Emmy Rossum Is Not 'Easy' Like Her 'Shameless' Character, But She Will Have Sex On The First Date

Trailer Talk: This Week In Movies - 'The A-Team,' 'The Karate Kid,' & More

Evan Crean Evan Crean
June 7th, 2010 9:18am EDT

Karate KidLast week’s “Get Him to the Greek” turned out to be much funnier than I expected it would be.  Jonah Hill plays a naïve record company intern tasked with watching the wild rock star Aldous Snow, portrayed by Russell Brand.  It’s clear right from the beginning that Hill’s character is unable to fathom the mess he has gotten into taking care of Snow, and he quickly gives in to Snow’s party lifestyle. 

Most of the film’s humor is based in the awkward interactions between Hill’s Aaron and Brand’s Aldous, with typical lowbrow laughs.  However this formula just seems to fit very well for the movie.  The surprise scene stealer is P. Diddy, who stars as Hill’s hilariously insane boss.  My Grade: B+

This week brings us the action adventure “The A-Team,” a remake of the 80s movie “The Karate Kid,” the humorous documentary “Joan Rivers: A Piece of Work,” and the indie drama “Winter’s Bone.” 

THE A-TEAM

A group of Iraq War veterans framed for a crime they did not commit embarks on a mission to clear their name with the U.S. army. 

The writer/director for 2006’s “Smokin’ Aces,” Joe Carnahan, helms this action adventure.  Carnahan assists actor Brian Bloom and fellow writer Skip Woods in penning the screenplay for this big screen adaptation of the 80s TV series.  Liam Neeson, Bradley Cooper, Sharlto Copley, and Patrick Wilson play the movie version of the famous A-Team.    

WHO SHOULD SEE IT:  Fans of the television show “The A-Team” will be the most interested to see this film adaptation even if it is 20 years late.  If you appreciate action movies with light hearted sense of humor then you should see “The A-Team.”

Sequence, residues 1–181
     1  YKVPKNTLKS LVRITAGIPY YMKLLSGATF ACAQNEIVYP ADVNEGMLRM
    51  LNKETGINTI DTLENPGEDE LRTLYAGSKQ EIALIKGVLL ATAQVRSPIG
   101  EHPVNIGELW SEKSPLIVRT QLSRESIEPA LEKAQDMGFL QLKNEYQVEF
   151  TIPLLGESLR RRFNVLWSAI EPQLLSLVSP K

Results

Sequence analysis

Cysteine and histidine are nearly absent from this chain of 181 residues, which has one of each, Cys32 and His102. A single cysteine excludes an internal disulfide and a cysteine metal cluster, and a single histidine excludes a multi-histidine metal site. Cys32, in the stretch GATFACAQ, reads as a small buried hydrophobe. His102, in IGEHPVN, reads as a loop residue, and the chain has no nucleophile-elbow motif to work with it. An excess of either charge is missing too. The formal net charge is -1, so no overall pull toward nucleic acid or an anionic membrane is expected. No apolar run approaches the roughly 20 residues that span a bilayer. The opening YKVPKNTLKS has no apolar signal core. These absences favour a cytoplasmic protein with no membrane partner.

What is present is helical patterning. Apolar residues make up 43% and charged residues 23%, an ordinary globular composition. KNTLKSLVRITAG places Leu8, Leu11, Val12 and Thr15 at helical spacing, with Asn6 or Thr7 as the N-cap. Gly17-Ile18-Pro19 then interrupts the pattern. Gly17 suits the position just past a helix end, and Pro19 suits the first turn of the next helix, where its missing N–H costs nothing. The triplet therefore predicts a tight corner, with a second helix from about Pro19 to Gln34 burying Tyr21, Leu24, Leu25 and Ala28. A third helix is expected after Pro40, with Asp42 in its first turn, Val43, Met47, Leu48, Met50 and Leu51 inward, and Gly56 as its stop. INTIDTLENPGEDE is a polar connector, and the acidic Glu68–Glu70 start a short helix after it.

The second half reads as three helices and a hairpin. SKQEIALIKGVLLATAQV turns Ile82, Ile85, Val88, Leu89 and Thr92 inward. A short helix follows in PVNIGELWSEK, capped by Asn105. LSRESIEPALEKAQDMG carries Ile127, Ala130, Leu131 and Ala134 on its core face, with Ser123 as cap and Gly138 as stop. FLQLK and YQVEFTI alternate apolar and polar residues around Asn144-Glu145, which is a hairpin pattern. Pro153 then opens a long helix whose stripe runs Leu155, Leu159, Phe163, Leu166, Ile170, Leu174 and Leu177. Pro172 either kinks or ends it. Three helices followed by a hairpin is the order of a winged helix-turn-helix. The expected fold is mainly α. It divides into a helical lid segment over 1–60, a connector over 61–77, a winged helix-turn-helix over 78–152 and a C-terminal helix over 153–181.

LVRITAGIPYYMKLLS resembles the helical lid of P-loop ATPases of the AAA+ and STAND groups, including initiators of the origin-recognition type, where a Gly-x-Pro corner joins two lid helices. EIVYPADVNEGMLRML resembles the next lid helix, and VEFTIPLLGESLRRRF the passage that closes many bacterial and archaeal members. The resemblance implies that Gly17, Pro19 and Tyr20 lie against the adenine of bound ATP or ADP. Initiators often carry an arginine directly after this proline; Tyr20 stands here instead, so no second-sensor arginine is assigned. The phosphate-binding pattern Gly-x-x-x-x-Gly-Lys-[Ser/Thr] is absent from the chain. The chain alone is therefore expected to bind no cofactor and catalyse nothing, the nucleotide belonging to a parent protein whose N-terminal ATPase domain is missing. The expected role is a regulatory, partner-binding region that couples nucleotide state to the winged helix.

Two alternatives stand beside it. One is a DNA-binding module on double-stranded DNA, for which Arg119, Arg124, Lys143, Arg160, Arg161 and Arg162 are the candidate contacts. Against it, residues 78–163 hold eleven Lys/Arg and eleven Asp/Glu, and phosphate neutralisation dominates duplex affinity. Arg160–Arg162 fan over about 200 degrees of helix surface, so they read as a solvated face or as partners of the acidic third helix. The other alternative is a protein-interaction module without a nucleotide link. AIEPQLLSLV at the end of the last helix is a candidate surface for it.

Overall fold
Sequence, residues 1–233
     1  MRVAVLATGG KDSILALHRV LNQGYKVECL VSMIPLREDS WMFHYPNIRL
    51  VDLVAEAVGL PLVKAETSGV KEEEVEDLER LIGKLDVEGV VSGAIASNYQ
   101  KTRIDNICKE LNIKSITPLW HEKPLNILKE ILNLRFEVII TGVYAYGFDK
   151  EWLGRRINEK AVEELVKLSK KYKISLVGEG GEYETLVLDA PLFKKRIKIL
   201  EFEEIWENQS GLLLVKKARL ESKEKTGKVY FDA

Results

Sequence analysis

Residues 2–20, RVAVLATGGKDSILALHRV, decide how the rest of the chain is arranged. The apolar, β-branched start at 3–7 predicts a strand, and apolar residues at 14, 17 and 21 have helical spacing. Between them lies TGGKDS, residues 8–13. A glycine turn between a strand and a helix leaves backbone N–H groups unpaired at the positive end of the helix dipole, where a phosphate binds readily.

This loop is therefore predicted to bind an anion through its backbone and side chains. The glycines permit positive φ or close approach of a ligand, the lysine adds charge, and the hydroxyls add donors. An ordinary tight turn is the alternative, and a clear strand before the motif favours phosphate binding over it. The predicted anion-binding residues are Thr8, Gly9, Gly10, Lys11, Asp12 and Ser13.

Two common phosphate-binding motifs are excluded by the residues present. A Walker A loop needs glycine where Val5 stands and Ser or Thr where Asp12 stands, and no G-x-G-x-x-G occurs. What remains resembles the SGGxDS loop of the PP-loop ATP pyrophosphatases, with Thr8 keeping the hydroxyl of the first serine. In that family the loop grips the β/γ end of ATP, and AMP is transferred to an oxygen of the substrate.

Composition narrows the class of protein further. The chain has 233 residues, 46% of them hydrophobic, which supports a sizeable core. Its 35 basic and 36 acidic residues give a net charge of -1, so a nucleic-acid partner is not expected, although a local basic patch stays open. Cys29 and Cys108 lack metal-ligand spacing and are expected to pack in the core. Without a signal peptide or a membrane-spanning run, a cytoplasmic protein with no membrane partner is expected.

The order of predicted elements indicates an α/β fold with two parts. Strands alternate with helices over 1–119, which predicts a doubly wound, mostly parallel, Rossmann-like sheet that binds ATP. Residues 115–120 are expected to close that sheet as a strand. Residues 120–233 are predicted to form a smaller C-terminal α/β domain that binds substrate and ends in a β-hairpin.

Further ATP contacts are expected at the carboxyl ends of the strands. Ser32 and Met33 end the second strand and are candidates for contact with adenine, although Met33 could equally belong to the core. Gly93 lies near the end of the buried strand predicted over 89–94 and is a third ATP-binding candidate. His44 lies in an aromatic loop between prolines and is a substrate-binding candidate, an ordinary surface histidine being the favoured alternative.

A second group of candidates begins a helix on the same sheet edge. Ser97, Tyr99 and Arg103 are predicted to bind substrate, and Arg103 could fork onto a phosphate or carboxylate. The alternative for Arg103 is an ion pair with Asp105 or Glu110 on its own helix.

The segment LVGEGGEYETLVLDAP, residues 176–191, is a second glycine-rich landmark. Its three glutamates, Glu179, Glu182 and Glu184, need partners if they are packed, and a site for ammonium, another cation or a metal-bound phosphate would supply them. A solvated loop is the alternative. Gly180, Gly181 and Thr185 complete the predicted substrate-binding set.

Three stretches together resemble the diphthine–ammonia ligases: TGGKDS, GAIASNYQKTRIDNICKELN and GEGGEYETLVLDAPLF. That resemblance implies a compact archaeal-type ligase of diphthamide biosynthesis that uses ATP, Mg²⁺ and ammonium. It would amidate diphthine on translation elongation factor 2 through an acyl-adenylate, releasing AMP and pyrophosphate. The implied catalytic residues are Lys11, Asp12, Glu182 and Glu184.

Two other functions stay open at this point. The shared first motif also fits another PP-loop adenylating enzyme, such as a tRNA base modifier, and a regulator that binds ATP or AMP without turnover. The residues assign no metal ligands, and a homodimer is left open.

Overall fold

THE KARATE KID

The pressures of work prompt a single mother (Taraji Henson) to move to China with her son (Jaden Smith).  In this strange new land, the boy is picked on and put down by bullies, but he learns to embrace karate when he encounters master of martial arts (Jackie Chan). 

Dutch filmmaker Harald Zwart directs this remake of the 80s film that starred Ralph Macchio.  The screenplay for this film is the writer Christopher Murphey’s second movie credit.      

WHO SHOULD SEE IT:  Parents looking to introduce their children to an updated version of the 80s classic should bring their families to see this.  If you love Jackie Chan and you think he will make a good replacement for the character of Mr. Miyagi then you should see “The Karate Kid.”

JOAN RIVERS: A PIECE OF WORK

This documentary focuses on the life and career of comedienne Joan Rivers as she turns 75-years-old. 

Frequent collaborators Ricki Stern and Anne Sundberg team up again, to direct this glimpse into the life of Joan Rivers. 

WHO SHOULD SEE IT:  Followers of the famous funnywoman should definitely see Joan Rivers at her finest in this documentary.  If you are interested in seeing the film that won Sundance’s Documentary Film Editing award and was nominated for the Grand Jury Prize, then you should watch “Joan Rivers: A Piece of Work.”

WINTER’S BONE

A determined Ozark Mountain girl (Jennifer Lawrence) navigates dangerous terrain as she attempts to find her drug-dealing father, in order to keep her family together. 

Independent filmmaker Debra Granik directs this gritty drama.  Granik has help from Anne Rosellini in adapting the story from a novel by Daniel Woodrell.    

WHO SHOULD SEE IT: Independent film aficionados should try to find this movie wherever it is playing.  If you want to see the winner of the Sundance Grand Jury Prize in drama, then you should check out “Winter’s Bone.” 

  

Photo Credits: The Karate Kid © 2009 Columbia Tristar Marketing Group, Inc. All rights reserved" ,